TWO Scottish children under 10 have died from Strep A as the total number of fatalities hits 26.
It brings the total number of people who have died in Scotland since October to seven.
Both children were confirmed to be under 10-years-old, and passed away between October and December of this year.
Several children have died as a result of the bacteria in other parts of the UK, but this is the first time deaths have been reported in Scotland.
Illnesses caused by the Group A strep bacteria include skin infection impetigo, scarlet fever and strep throat.
The death toll in the UK for children is now 26 since the season started mid September.
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One known victim, little Hanna Roap, died within 24-hours of falling ill with invasive Strep A.
The seven-year-old's condition had started with a mild cough.
Muhammad Ibrahim Ali, four, from High Wycombe, Bucks, also died from the illness.
Jax Albert Jefferys’, who attended Morelands Primary School in Waterlooville, also died from the condition.
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Stella-Lily McCorkindale fell severely ill at the end of November and and was treated in hospital before she tragically passed away from Strep A.
In the 2017 to 2018 season, there were 355 deaths in children, including 27 in children under the age of 18.
The surge in cases is putting a huge strain on NHS 111 and pharmacists, with shortages of penicillin and other antibiotics reported across the UK.
Last week, pharmacists in England were given new powers to prescribe an alternative to penicillin in order to treat Strep A as supplies of the drug dwindle.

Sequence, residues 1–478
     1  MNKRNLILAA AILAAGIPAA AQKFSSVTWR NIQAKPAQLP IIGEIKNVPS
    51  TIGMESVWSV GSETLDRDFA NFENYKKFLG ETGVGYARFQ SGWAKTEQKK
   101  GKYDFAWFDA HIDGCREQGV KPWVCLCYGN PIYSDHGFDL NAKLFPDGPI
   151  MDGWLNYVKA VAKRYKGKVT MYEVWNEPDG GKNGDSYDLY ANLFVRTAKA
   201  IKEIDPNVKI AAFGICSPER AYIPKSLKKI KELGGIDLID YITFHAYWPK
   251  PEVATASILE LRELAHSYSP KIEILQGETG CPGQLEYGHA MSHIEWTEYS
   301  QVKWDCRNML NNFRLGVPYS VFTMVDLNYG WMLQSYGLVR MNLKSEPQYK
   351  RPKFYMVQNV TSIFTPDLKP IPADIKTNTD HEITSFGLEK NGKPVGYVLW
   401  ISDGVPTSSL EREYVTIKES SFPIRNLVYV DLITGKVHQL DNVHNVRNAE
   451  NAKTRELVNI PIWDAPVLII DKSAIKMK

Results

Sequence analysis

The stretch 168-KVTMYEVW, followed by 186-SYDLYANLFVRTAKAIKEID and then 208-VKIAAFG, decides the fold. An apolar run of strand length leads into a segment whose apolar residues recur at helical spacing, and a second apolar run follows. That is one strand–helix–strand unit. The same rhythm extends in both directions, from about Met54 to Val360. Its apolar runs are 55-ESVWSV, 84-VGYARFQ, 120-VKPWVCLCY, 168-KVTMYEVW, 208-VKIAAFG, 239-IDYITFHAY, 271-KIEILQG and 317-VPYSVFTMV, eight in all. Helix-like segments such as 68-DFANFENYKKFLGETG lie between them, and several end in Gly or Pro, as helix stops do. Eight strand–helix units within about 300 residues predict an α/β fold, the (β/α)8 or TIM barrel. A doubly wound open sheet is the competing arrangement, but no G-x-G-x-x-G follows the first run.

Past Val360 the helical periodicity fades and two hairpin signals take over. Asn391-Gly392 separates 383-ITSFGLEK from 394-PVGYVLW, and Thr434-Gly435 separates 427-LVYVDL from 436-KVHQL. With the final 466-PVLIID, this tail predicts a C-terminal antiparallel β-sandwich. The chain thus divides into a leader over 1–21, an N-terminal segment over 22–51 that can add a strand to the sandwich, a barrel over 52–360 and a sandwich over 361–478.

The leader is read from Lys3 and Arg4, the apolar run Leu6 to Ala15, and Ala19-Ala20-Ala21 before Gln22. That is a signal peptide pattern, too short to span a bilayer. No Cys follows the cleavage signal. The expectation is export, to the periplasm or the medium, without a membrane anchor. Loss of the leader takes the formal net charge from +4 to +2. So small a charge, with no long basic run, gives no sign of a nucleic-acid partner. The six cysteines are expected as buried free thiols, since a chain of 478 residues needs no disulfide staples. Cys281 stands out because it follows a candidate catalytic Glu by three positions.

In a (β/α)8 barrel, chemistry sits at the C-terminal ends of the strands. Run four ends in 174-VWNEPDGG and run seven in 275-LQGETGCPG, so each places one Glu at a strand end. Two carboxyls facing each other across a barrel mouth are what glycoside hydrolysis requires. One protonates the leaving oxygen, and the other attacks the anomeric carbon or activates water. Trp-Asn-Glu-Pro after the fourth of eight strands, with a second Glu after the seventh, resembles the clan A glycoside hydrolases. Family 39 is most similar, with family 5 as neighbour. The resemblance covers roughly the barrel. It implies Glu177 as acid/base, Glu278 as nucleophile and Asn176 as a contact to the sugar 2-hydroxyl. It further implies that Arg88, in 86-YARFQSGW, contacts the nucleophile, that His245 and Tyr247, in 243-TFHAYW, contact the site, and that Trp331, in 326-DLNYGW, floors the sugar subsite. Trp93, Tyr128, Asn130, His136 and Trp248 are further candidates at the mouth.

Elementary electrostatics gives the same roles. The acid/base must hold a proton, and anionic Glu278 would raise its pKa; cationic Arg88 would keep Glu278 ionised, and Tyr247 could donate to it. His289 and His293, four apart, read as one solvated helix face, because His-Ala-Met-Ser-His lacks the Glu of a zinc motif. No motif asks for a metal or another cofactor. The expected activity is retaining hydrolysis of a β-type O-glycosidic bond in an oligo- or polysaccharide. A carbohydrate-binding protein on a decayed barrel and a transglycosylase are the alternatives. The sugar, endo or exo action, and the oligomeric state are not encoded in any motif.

Cases of the deadly bug are also circulating in high numbers in other European countries, including France, Ireland, the Netherlands, Sweden, according to the WHO.
The updated figures from Scotland today come as a new jab for the illness could be on the horizon.
What are the symptoms of invasive group A Strep and scarlet fever you need to know
There are four key signs of Group Strep A to watch out for, according to the NHS. These are:
- A fever (meaning a high temperature above 38°C)
- Severe muscle aches
- Localised muscle tenderness
- Redness at the site of a wound
The invasive version of the disease happens when the bacteria break through the body's immune defences.
This can happen if you're already feeling unwell or have an immune system that’s weakened.
The NHS says that when it comes to scarlet fever, your child will most likely start off with cold-like symptoms.
The signs will include:
- high temperature
- sore throat
- swollen neck glands
- rash 12-48 hours after initial symptoms. This usually starts on the tummy and then spreads
- white coating on the tongue
- red cheeks
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